62 CHAPTER 5. VERIFIABLE SECURITY GOALS
4. The join operator ⊕ is a totally deﬁned least upper bound operator.
The key result comes from axiom 4. In a ﬁnite lattice, the join operator is deﬁned for any
combination of security classes. Thus, for X
⊕ ... ⊕ X
= Z, the security class Z that results
from a combination of data from any security classes in SC must also be in SC. For lattice policies,
the results of any join operation can be modeled because the securit y class of the operation can always
Note that the Example 5.5(b) satisﬁes the Denning axioms, so it is a ﬁnite lattice. Any
combination of data can be assigned a security class. For example, when a secret process generates
data read from conﬁdential and unclassiﬁed inputs, the data generated is labeled secret, which is the
least upper bound of the three secur ity classes. However, we can see that Example 5.5(a) does not
satisfy axioms 3 and 4, so we cannot label the results from any operation that uses the data from two
Finally, a useful concept is the inverse of the can-ﬂow relation, called the dominance relation.
Dominance is typically used in the security literature.
Deﬁnition 5.7. A ≥ B (read as A dominates B) if and only if B → A.The strictly dominates relation
> is deﬁned by A>B if and only if A ≥ B and A = B. We say that A and B are comparable if
A ≥ B or B ≥ A. Otherwise, A and B are incomparable.
Dominance indicates which security c lass is more sensitive (i.e., contains data that is more
secret). From a security perspective, dominance deﬁnes the information ﬂows that are not allowed.
That is, if A>B, then A’s data must not ﬂow to B or this constitutes a leak.
5.2.2 BELL-LAPADULA MODEL
The most common information ﬂow model in secure operating systems for enforcing secrecy re-
quirements is the Bell-LaPadula (BLP) model . There are a variety of models associated with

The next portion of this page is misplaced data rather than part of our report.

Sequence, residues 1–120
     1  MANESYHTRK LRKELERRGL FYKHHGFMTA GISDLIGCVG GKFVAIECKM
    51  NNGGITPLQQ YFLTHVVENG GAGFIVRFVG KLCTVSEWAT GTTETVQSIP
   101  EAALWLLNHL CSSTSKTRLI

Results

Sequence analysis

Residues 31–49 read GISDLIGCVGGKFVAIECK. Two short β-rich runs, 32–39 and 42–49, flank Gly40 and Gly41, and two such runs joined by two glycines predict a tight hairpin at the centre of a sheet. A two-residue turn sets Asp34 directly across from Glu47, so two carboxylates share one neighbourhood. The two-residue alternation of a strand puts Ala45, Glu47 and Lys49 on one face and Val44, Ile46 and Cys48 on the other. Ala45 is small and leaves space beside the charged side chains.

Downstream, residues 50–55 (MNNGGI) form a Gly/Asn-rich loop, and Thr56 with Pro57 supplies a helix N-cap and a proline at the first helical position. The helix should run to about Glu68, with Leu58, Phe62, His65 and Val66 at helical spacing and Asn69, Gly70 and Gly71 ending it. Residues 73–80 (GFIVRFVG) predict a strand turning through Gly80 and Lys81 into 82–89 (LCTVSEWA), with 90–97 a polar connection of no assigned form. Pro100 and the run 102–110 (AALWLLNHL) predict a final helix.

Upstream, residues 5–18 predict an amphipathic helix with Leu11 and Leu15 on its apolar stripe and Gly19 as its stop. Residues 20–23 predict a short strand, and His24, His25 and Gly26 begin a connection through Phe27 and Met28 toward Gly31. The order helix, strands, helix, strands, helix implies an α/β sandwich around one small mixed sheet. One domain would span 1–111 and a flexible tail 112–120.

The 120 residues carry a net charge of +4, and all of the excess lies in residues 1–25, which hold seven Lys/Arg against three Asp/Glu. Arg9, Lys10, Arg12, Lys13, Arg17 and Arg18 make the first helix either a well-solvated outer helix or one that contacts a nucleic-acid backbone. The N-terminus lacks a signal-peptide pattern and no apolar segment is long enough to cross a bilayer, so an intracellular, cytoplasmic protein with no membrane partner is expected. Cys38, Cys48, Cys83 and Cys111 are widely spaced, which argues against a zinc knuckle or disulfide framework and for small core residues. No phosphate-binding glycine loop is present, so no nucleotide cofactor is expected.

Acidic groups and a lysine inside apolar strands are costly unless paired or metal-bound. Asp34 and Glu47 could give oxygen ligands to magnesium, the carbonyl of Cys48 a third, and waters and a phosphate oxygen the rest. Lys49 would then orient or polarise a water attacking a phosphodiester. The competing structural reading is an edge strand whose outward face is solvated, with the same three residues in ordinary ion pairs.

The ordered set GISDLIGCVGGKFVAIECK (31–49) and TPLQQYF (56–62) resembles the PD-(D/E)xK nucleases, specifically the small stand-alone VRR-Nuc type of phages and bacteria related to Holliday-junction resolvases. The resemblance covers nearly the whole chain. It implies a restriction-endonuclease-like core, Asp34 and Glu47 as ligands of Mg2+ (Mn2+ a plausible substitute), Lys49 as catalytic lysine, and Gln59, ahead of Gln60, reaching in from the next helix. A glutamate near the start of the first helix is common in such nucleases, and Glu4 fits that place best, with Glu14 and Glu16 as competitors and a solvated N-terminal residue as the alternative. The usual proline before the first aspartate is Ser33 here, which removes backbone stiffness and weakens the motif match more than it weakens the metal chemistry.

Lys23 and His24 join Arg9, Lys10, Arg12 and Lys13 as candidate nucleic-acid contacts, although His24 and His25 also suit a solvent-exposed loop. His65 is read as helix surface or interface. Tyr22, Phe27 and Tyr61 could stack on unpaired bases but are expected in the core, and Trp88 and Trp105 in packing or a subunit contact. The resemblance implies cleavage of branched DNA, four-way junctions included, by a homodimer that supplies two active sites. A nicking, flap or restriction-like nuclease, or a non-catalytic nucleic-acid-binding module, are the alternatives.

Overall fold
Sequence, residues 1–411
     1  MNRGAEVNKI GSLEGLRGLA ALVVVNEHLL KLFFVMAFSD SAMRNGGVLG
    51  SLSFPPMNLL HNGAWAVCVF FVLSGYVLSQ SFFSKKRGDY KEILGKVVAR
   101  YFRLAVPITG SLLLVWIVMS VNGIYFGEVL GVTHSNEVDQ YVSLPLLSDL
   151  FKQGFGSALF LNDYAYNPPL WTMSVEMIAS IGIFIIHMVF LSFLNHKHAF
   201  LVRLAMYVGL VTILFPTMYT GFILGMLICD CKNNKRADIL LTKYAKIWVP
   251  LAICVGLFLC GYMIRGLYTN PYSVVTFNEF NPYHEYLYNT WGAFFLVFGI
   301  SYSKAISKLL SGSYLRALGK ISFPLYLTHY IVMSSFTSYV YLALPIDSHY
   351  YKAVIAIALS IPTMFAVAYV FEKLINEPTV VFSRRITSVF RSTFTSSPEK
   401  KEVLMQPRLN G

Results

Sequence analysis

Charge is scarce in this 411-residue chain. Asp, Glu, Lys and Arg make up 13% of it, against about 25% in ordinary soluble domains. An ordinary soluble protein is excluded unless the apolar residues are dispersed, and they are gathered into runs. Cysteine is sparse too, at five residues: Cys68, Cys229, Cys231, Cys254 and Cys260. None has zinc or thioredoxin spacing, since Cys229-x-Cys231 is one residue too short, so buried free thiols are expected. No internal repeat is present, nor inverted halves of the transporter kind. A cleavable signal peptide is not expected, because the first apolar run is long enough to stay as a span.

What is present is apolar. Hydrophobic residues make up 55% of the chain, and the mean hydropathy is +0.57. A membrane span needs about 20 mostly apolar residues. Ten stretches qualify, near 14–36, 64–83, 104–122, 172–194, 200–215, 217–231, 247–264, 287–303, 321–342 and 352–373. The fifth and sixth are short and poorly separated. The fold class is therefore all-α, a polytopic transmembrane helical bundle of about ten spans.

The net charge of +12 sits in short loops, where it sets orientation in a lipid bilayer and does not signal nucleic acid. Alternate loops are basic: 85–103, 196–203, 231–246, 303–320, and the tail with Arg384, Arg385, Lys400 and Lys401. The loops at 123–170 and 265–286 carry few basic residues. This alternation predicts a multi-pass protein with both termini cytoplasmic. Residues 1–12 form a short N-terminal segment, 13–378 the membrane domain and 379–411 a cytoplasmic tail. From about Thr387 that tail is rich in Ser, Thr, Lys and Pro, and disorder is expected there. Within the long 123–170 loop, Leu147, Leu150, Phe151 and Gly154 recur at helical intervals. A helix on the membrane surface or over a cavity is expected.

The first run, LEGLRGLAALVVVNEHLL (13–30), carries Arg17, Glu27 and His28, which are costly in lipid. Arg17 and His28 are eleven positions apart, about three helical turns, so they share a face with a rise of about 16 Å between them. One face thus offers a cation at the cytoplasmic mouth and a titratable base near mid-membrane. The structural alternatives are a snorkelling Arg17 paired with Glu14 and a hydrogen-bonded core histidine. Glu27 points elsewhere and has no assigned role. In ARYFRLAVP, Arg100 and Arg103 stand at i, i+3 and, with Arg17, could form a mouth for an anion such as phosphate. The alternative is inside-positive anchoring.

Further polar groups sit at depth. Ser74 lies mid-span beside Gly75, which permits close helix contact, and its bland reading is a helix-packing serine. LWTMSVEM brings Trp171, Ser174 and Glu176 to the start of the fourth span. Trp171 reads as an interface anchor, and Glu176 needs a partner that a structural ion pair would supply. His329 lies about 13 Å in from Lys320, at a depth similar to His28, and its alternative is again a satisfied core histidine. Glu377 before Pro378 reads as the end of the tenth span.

Bell and LaPadula, but we describe a common variant here, known as the Multics interpretation.
This BLP model is a ﬁnite lattice model where the security classes represent two dimensions of
secrecy: sensitivity level and need-to-know. The sensitive level of data is a total order indicating se-
crecy regardless of the type of data. In the BLP model, these levels consist of the four governmental
security classes mentioned previously: top-secret, secret, conﬁdential, and unclassiﬁed. However, it was
found that not everyone with a particular security class “needs to know” all the information labeled
for that class.The BLP model includes a set of categor ies that describe the topic areas for data, deﬁn-
ing the need-to-know access. The BLP model assigns a sensitivity level that deﬁnes the secrecy level
that the subject is authorized for, and also a set of categories, called a compartment, to each subject
and object. The combination of sensitivit y level and compartment for a subject are often called its
clearance. For objects, their combination of sensitivity level and compartment are called its access class.
Example 5.8. Figure 5.3 shows a Bell-LaPadula policy with two sensitivity lev els and three cate-
gories. The edges show the direction of information ﬂow authorized by the Bell-LaPadula policy. If
5.2. INFORMATION FLOW SECRECY MODELS 63
Figure 5.3: This a Haase diagram (with the information ﬂow direction added in edges) of a Bell-
LaPadula policy consisting of two sensitivity levels (top-secret and secret where top-secret dominates) and
three categories (NUC, MIL, and ST). The edges show the information ﬂows authorized by the Bell-
LaPadula model for this lattice.
a subject is cleared for top-secret:MIL, it is able to read from this class, top-secret:none,
and secret:MIL. However, information cannot ﬂow to the top-secret:MIL class from
top-secret:MIL+ST or others that include categories besides MIL. Even information that is labeled
with the secret sensitivity level, but has additional categories may not ﬂow to top-secret:MIL.
Of course, subjects at the top-secret:MIL clearance can write to any top-secret class that in-
cludes the category MIL, but none of secret classes.The latter is not possible because the sensitivity
level top-secret dominates or is incomparable to any secret class. Writes may only be allowed
to classes that dominate the subject’s clearance.
The BLP model deﬁnes two key properties for information ﬂow secrecy enforcement.
Deﬁnition 5.9. The simple-security property states that subject s c an read an object o only if SC(s) ≥
SC(o). Thus, a subject can only read data that at their security class or is less secret. Second, the